Tag Archives: Jennifer Crow

The Gift of Hope

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All month long I’m going to be hosting the posts of other people as part of my 2015 Giftmas Blog Tour. All the guest bloggers are welcome to write about anything they’d like so long as their post touched on a December holiday in some way, no matter how tangentially. The blog tour extends beyond my blog as well, and I will do my best to link to each external post from the here and share them on social media using the hashtag #GiftmasTour.

But wait! There’s more!

We’re also giving away a whole whack of prizes (check out the list here) which you can enter to win using the Rafflecoper code below. Whatever December holiday you celebrate (or don’t) winning a stack of books will make it better!

The Gift of Hopeapple

by Jennifer Crow

“Hope,” said Emily Dickinson, “is the thing with feathers.” Fragile is the first thing that comes to mind after that. Maybe you’ve held a bird’s slight weight in your hands, felt the fast, faint beat of its heart against your fingertips, the grip of its tiny feet. I fill the feeder outside my kitchen window and watch the birds flit and dance on the wing, and I wonder how something so tiny can survive a Buffalo winter.

Hope seems like that sometimes: beautiful, but too easily startled. Too delicate to endure the rough handling of time and fate. At times, I’ve felt like I was holding nothing but a lifeless bundle of feathers, the world’s small and large disasters too much for hope. And yet somehow, when ruins-excavation-coverI’ve reached the point of despairing, it always stirs, lifts its wings, and hops a little to show me it’s too soon to give up just yet.

This month I’m blogging about gifts, in particular things that make my life better which I can’t stick a bow on. And having struggled with depression for the better (or maybe worse) part of the past decade, it seems to me that hope is one of those things that none of us—especially the creative types—can live without. That sensation beating like wings in my chest, that flutter where it seemed life had been extinguished, makes the cold, shadowy times bearable.

It seemed appropriate to talk about the gift of hope right after the longest night of the year. It gets dark so early in western New York. On the gray days, it hardly seems as though the sun’s come up at all. From this point on, though, it gets brighter. The cold will still seep down to my bones for a few more months, but the worst will pass. I’ll bundle up, fill the bird feeder, and the chickadees and nuthatches will keep me company.

Last year a four-day storm dumped more than 80 inches of snow in my yard. The year before that, temperatures dipped below -20 Fahrenheit for what seemed an eternity. Through all that, the little birds fluffed up their feathers and found a way. Just like hope.

Check out Jennifer’s work in The First Bite of the Apple and Ruins Excavation.

Enter to win the Giftmas Giveaway!

a Rafflecopter giveaway

Mythic Delirium Anthology

If you follow me on social media you have definitely seen me bragging about this LoL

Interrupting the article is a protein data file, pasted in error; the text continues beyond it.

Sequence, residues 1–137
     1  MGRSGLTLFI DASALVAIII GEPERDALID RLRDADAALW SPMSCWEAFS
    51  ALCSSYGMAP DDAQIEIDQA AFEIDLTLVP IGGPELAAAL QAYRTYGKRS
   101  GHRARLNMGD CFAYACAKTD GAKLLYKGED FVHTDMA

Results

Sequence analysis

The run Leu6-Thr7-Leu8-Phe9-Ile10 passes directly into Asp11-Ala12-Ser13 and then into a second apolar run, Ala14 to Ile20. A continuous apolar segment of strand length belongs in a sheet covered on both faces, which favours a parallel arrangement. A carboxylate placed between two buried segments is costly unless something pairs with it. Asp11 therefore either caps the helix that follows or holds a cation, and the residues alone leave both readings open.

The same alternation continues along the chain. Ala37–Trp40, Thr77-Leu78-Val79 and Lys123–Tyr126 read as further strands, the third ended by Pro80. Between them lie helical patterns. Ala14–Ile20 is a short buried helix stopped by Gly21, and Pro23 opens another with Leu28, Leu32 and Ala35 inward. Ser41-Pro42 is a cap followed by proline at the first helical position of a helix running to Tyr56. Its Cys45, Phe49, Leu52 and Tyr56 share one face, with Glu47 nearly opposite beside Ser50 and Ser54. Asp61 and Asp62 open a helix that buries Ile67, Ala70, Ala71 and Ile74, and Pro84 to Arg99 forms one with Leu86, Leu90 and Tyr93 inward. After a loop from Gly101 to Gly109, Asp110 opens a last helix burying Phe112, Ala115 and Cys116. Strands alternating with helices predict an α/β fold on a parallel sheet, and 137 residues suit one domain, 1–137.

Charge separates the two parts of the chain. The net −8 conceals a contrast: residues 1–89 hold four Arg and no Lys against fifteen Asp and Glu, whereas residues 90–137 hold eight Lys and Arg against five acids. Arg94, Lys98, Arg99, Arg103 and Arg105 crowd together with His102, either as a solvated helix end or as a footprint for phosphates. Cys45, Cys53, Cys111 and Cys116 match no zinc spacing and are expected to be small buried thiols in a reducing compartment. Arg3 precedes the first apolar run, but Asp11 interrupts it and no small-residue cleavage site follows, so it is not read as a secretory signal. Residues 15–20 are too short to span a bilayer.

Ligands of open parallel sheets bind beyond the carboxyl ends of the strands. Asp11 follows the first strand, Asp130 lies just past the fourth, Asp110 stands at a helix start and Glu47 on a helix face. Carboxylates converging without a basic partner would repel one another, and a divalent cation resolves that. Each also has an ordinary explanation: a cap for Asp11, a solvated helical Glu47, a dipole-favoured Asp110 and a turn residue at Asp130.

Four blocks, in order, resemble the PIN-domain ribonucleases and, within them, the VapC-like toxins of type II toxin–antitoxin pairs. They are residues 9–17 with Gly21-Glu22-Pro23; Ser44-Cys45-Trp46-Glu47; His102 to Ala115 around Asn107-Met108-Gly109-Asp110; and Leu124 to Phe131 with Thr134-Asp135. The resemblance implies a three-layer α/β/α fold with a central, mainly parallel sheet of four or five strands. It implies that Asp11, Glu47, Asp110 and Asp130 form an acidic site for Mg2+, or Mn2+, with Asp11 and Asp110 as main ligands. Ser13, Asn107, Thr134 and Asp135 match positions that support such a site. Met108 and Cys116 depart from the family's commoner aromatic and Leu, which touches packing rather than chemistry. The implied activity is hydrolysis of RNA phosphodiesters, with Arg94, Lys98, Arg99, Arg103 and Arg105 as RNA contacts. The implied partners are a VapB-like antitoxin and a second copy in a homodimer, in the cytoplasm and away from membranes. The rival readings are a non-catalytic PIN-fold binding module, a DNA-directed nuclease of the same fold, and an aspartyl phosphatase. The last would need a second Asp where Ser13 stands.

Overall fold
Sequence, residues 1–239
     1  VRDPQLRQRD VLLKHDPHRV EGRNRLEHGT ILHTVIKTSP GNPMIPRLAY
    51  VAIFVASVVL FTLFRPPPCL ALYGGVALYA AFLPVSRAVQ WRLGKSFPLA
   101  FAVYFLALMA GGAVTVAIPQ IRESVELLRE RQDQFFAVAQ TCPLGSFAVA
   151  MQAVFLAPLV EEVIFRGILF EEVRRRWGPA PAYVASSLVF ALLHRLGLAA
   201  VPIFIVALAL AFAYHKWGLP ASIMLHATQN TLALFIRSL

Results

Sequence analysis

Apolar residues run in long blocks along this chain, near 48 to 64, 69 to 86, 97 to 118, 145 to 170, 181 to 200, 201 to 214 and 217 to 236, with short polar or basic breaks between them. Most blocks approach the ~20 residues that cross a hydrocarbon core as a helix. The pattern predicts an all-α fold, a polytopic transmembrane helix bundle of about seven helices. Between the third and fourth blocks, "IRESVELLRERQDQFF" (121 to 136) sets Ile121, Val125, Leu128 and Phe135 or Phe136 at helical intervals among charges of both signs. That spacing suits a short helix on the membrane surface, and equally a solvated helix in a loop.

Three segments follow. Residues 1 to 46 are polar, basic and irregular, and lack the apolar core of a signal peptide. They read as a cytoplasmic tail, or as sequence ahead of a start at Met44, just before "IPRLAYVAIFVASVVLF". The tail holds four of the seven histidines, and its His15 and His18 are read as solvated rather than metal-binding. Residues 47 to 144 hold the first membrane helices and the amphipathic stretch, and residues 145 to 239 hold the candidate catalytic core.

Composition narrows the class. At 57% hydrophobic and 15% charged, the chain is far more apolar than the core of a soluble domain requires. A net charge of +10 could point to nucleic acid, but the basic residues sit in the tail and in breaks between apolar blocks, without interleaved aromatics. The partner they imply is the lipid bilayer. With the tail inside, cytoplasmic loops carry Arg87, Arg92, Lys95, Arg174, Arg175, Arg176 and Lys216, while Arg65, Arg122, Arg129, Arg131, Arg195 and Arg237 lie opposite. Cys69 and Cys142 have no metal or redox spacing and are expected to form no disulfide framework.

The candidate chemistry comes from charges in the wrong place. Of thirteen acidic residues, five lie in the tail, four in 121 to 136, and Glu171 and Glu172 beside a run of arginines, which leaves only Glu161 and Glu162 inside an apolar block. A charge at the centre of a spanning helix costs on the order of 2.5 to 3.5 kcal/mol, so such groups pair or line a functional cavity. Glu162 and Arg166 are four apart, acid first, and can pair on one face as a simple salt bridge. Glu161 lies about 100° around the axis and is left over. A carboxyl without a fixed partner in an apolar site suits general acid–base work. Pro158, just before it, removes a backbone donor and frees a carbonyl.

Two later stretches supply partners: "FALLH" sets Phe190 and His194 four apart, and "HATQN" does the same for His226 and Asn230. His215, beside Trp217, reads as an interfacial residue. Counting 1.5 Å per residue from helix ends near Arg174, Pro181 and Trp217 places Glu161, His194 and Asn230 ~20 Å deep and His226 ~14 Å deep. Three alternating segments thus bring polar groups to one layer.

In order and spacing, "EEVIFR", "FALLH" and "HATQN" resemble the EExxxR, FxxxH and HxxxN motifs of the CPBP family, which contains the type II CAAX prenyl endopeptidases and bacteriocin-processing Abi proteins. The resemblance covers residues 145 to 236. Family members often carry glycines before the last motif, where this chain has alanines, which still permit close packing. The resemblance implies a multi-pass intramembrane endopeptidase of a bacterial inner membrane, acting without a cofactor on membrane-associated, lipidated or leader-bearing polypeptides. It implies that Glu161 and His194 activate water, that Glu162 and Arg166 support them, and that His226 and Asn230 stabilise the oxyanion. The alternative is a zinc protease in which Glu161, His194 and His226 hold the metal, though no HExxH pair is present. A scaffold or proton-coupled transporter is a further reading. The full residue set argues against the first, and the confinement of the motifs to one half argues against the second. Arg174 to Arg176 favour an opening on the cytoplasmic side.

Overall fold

This is the cover for the very first, Mythic Delirium print anthology:

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How freaking gorgeous is that?

And did you look at the back cover? Halfway down the second column of names? THAT’S ME!

*squee*

I am freaking blown away that I’m sharing a table of contents with all those amazing people. Oh. My. Gawd.

Also? I’ll say a special oh my gawd just for Jane Yolen because, c’mon! It’s Jane-freaking-Yolen. Oh my gawd!

*deep breaths*

Okay… so… yes. My short story, Seedpaper, is included in this amazing anthology. And for the record? It’s not just me who thinks it’s amazing, this anthology received a starred review by Publishers Weekly.

Look at this table of contents and you’ll get an idea of why that might be LoL:

“Myths and Delusions: An Introduction” by Mike Allen
“This Talk of Poems” by Amal El-Mohtar
“The Wives of Paris” by Marie Brennan
“Cuneiform Toast” by Sonya Taaffe
“Hexagon” by Alexandra Seidel
“Unmasking” by Sandi Leibowitz
“Ahalya: Deliverance” by Karthika Naïr
“Katabasis” by Liz Bourke
“The Art of Flying” by Georgina Bruce
“Dreams of Bone” by Christina Sng
“India Pale Angel” by Robert Davies
“a recipe” by Lynette Mejía
“Anna They Have Killed” by Jennifer Crow
“The Two Annies of Windale Road” by Patty Templeton
“Zora Neale Hurston Meets Felicia Felix-Mentor on the Road” by J.C. Runolfson
“Princess: A Life” by Jane Yolen
“Present” by Nicole Kornher-Stace
“Old Bone” by Sandi Leibowitz
“Backbone of the Home” by Lisa M. Bradley
“Flap” by David Sklar
“Rhythm of Hoof and Cry” by S. Brackett Robertson
“The Silver Comb” by Mari Ness
“Milkweed” by Cedar Sanderson
“Never Told” by Jane Yolen
“Foxfeast” by Yoon Ha Lee
“Seeds” by Beth Cato
“Seedpaper” by Rhonda Parrish
“The Onion Prince” by David Sklar
“The Girl Who Learned to Live with Bees in Her Hair” by Brigitte N. McCray
“The Giant’s Tree” by Yukimi Ogawa
“Two Ways of Lifting” by Virginia M. Mohlere
“Levels of Observation” by Kenneth Schneyer
“Cat’s Canticle” by David Sklar
“Nisei” by Beth Cato
“Echoes in the Dark” by Ken Liu
“Voyage to a Distant Star” by C.S.E. Cooney
“WereMoonMother” by Brittany Warman

Holy crap, amirite?

I get a free copy of this book because I’m a contributor, but I’m totally considering buying several more just to give out at Christmas LoL If you, too, are considering picking up a copy it’s currently available at a lot of places:

AMAZON: trade paperbackKindle
AMAZON UK: trade paperbackKindle
BARNES & NOBLE: trade paperbackNook
iTUNES: ebook
KOBO: ebook

…and if you’re coming to World Fantasy this year, bring it along. I think a lot of contributors (including the editors and myself) will be there and happy to sign it 🙂